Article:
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Solving Engineering and Design Issues: Working with a Napkin Drawing

by Last updated Oct 9, 2023 | Published on Oct 24, 2016Engineering and Design

Estimated Reading Time: 4 minutes

We are problem solvers here at Axenics, and that means we run into some pretty complicated challenges on a daily basis. Some projects we take on are exceptionally complex and, therefore, more difficult to design and engineer than others. Others seem simple and then unravel in the middle. However, one of the biggest challenges we face on a regular basis is trying to engineer precision solutions based on what we like to call a napkin drawing.

At the end of the day, the job always gets done, and we aren’t satisfied until our customers are happy. But it doesn’t always come easy.

Engineering a Solution with a Napkin Drawing

When a customer comes to us with a problem that needs to be solved, they will typically send an explanation of what they are looking for, along with drawings and/or pictures. Ideally, the drawings are presented in a CAD file format. Our engineering department then uses this information to fabricate a solution. Simple enough, right?

When the drawings or pictures are clearly labeled, and important details are included, the process is relatively smooth. And, since our design and engineering department has been doing this for more than 35 years, they are well-equipped to handle a few missing details here and there, or other small issues that may come up.

The Challenge

Problems arise when we receive a vague description, drawings or pictures, without the details we need to develop a successful solution. And unfortunately, this happens more often than we’d like. In fact; it happens almost daily. We receive these “napkin drawings” from our customers, and we’re left to figure out what it is that we’re supposed to be building.

While we understand that we’re not the only manufacturing company that runs into this issue, it doesn’t diminish the fact that it is extremely challenging to work this way.

The best solutions are built on strong foundations. Vague descriptions or drawings without the necessary detail can create a house of cards that can sometimes cause delays in production, as well as add unexpected costs to the project that weren’t initially anticipated by the customers.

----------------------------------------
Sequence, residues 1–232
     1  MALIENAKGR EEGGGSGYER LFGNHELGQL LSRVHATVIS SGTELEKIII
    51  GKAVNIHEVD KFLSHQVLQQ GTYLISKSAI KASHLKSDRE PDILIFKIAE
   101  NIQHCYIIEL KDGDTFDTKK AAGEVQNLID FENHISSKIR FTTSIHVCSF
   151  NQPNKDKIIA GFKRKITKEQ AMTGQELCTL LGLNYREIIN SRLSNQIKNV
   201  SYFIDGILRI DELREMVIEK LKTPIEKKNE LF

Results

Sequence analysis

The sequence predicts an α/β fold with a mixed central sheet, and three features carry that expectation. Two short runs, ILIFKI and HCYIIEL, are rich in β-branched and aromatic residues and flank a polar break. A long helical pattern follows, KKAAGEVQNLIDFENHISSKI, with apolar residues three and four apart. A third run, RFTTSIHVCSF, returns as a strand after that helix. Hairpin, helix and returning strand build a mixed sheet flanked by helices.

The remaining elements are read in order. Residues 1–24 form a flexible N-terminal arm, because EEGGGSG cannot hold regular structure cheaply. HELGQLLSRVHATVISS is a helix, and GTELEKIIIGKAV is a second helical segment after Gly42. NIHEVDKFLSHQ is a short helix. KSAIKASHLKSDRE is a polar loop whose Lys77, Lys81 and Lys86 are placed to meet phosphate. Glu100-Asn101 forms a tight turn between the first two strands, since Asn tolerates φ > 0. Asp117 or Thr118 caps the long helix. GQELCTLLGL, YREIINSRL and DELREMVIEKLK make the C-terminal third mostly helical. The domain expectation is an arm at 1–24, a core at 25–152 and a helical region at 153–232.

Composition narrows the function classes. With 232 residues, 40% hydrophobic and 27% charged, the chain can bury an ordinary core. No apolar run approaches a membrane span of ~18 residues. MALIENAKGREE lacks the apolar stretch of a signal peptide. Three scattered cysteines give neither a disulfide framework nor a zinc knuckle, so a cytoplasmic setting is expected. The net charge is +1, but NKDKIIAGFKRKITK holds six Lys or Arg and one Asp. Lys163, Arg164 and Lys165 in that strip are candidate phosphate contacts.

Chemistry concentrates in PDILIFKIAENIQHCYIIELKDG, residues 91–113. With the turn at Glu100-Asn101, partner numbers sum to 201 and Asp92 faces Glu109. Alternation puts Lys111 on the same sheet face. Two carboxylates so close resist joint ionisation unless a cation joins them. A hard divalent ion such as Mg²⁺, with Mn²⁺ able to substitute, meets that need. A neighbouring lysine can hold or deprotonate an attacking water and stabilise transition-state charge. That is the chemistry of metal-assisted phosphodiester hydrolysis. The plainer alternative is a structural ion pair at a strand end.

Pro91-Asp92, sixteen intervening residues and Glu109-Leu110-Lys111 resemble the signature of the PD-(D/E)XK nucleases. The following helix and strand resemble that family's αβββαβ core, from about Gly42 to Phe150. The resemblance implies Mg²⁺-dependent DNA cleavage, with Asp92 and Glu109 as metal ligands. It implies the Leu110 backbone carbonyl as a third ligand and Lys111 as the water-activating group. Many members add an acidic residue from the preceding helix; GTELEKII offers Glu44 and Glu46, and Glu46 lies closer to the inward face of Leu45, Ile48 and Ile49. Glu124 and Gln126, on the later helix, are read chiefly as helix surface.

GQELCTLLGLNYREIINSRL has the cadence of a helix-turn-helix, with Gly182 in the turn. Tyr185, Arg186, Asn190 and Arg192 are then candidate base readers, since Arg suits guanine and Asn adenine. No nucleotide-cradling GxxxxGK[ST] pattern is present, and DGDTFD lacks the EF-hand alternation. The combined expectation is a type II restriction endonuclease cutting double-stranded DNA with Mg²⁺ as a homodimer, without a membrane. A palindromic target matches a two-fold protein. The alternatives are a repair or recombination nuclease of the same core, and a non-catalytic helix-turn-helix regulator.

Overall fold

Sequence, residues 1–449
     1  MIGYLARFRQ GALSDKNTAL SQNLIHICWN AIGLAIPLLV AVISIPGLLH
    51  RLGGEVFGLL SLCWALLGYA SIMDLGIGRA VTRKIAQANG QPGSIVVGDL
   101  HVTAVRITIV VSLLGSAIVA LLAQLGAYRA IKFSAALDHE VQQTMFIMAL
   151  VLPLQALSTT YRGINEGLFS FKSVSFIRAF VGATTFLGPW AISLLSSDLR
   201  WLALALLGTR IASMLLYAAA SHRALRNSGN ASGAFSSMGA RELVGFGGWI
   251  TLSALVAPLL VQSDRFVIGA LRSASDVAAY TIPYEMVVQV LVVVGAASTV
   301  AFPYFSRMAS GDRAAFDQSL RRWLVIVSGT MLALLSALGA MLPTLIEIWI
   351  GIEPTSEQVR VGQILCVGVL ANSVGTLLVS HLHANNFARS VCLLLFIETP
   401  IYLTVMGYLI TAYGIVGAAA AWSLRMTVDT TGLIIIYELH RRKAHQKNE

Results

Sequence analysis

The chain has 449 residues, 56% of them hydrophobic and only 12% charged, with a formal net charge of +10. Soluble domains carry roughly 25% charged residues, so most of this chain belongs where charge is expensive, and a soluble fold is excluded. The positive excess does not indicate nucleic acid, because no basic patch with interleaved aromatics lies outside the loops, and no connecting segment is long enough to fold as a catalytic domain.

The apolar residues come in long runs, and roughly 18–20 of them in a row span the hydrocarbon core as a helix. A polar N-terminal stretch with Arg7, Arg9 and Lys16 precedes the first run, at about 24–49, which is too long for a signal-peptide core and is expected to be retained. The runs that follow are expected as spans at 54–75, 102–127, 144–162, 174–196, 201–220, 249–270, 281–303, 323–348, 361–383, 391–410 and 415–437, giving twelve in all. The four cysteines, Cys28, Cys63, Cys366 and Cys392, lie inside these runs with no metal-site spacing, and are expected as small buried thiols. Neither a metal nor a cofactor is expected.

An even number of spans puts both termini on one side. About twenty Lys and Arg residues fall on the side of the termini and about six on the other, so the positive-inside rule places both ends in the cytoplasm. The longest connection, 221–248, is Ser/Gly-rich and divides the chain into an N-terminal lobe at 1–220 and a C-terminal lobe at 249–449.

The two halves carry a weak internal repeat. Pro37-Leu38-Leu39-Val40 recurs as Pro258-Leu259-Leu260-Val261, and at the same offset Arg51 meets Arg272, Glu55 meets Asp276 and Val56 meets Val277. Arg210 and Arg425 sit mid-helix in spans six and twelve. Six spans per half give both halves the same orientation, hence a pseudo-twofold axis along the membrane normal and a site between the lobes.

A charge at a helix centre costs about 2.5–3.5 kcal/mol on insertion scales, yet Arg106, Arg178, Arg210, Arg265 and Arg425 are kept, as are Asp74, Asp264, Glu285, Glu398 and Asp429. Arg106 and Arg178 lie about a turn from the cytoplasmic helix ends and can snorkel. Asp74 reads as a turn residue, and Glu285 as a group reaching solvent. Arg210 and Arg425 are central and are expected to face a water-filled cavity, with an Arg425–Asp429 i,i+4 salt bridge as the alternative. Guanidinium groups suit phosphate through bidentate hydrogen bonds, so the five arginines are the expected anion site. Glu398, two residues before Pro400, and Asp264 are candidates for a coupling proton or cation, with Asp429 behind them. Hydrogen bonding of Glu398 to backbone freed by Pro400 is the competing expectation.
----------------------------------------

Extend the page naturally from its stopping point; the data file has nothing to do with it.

Working with What We’ve Got

Because we’ve been doing this for over three decades, we’ve developed a systematic approach to handling these types of engineering and design issues that happen from time and time again. Our staff works closely with our customers to find the best solution possible, based on what we have to work with. We also have great relationships with our vendors, which helps us to solve problems like this in a timely and economical way.

Each customer and situation is unique. Based on the industry and the system being designed, we address every project on a case-by-case basis applying our experience and expertise, while avoiding the “we’ve always done it this way” trap. Our initial step, however, is always the same: The pictures and/or drawings go to our engineering and design department for review. Our experienced staff works to decipher the illustrations and turn them into files we can work with. Most importantly, we don’t charge the customer for our time spent engineering an idea into a quotable state – this is simply part of The Axenics Way of serving clients.

Preventing Project Setbacks

We are constantly trying to come up with ways to prevent this issue from occurring, or at least to diminish the frequency with which we receive deficient drawings and specifications. Not every customer will have the systems necessary to draw their inventions, and that’s okay. We can work with whatever we receive, and there has never been a project where we didn’t have to go back and ask additional questions to find out exactly what the customer wants. That’s part of our job.

However; the more details we receive from our customers at the start of a project, the less likely we are to run into significant setbacks, costly mistakes, and unnecessary frustration.

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